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Last Best Hope of Earth

A Blog Covering US History and Politics

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Dred Scott

The Lincoln-Douglas Debates of 1858

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Depiction of the Lincoln-Douglas Debates.

Senator Stephen Douglas had come into the political spotlight through his work in the Compromise of 1850 and the Kansas-Nebraska Act, which had temporarily held the country together but perpetuated the institution of slavery. Douglas, a Democrat, was a force to be reckoned with for keeping a seat in the United States Senate despite the growing strength of the Republican Party throughout the North and in his home state of Illinois. Throughout 1858, a time when the state legislatures elected senators to the United States Senate, Douglas would have to win the support of the people of Illinois, and the Illinois legislature, by debating the issue of slavery, and the future of the country, with the Republican candidate for the Senate, Abraham Lincoln. See David Potter, The Impending Crisis: America Before the Civil War, 1848-1861, 330-31. Continue reading “The Lincoln-Douglas Debates of 1858”

The Lecompton Constitution

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Constitution Hall in Lecompton, Kansas.

Following the violence in Kansas known as Bleeding Kansas, there was a question of whether the territory would be admitted as a free state or slave state. After taking office in 1857, President James Buchanan appointed Robert J. Walker of Pennsylvania to be governor of Kansas. Governor Walker wrote a letter to President Buchanan, stating “that the actual bona fide residents of the territory of Kansas, by a fair and regular vote, unaffected by fraud or violence, must be permitted, in adopting their State Constitution, to decide for themselves what shall be their social institutions.” Walker to Buchanan, March 26, 1857, in Kansas State Historical Society Transactions, V (1891-1896), 290 (italics in original). Even with such a pronouncement regarding the nature of an election, no one knew how Kansans would vote on the issue of slavery or how soon Kansas would become a state. Continue reading “The Lecompton Constitution”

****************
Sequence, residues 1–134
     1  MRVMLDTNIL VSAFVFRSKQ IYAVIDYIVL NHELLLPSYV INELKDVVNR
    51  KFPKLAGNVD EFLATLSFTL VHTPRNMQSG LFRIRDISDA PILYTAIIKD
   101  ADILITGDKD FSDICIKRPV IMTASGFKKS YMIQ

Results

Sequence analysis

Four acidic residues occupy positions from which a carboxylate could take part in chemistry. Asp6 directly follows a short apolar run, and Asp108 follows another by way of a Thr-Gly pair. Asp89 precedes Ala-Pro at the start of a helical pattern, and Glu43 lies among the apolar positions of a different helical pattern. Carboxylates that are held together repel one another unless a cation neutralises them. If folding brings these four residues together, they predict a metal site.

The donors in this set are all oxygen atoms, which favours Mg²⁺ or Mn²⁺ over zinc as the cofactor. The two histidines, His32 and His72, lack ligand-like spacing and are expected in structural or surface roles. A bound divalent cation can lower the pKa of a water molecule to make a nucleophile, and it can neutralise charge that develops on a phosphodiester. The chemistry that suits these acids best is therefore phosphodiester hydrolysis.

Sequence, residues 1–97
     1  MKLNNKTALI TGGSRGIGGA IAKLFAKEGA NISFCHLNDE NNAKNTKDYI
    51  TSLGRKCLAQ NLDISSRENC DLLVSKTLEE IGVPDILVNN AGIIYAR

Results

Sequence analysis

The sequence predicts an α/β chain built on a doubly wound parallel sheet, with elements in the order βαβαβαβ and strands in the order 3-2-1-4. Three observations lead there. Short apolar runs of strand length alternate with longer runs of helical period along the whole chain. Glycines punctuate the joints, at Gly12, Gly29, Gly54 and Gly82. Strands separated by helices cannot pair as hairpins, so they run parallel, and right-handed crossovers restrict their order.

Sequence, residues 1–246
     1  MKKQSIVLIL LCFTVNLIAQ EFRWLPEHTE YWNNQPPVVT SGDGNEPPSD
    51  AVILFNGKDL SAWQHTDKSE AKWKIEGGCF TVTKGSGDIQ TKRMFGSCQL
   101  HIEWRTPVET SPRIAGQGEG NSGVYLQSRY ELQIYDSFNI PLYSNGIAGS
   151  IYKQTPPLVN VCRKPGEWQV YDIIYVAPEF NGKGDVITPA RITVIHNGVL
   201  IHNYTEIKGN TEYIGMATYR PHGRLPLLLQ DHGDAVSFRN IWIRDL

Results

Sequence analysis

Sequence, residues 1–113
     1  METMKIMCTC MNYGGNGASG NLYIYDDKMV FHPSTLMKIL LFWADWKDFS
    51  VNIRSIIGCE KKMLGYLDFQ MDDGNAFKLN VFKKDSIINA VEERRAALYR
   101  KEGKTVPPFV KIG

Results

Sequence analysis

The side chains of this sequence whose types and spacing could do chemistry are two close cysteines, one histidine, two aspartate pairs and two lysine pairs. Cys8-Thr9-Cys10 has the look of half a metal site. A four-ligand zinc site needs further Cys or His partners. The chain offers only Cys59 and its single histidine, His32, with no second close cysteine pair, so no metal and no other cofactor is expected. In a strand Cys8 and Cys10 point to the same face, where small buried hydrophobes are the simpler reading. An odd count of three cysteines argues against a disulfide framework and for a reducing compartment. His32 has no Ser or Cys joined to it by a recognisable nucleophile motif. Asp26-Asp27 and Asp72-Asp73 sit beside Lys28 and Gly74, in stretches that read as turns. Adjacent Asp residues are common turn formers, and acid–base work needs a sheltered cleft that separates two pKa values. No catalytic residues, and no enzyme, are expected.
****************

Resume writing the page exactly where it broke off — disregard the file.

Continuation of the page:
A Supreme Court Tragedy: Dred Scott v. Sandford

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The Taney Supreme Court.

In 1857, the United States Supreme Court decided one of the most controversial cases in the history of the country. Just days after James Buchanan began his term as president, Chief Justice Roger Taney wrote the opinion for the Court, ruling that neither slaves nor freedmen could be citizens of the United States. The implications of this decision, and its reasoning, have been analyzed, dissected, and discussed since 1857. While many have concluded it is one of the Supreme Court’s worst decisions, its impact on Antebellum America should not be overlooked.

Continue reading “A Supreme Court Tragedy: Dred Scott v. Sandford”

The Theories of Slavery

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Trout Fishing in Sullivan County, New York. By: Henry Inman.

In the 15 years leading up to the Civil War, a wide variety of theories emerged for how the federal government should deal with slavery expanding, or not expanding, into the territories acquired by the United States.

Continue reading “The Theories of Slavery”

The Supreme Court Under Jackson

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Roger B. Taney. Photograph by: Mathew Brady.

John Marshall, perhaps the greatest Chief Justice of the Supreme Court of the United States, died on July 6, 1835. As his life was coming to a close, he wrote Joseph Story, “I yield slowly and reluctantly to the conviction that our constitution cannot last.” Daniel Walker Howe, What Hath God Wrought: Transformation of America, 1815-1848, 439 quoting John Marshall to Joseph Story, Sept. 22, 1832, quoted in Kent Newmyer, John Marshall and the Heroic Age of the Supreme Court (Baton Rouge, 2001), 386.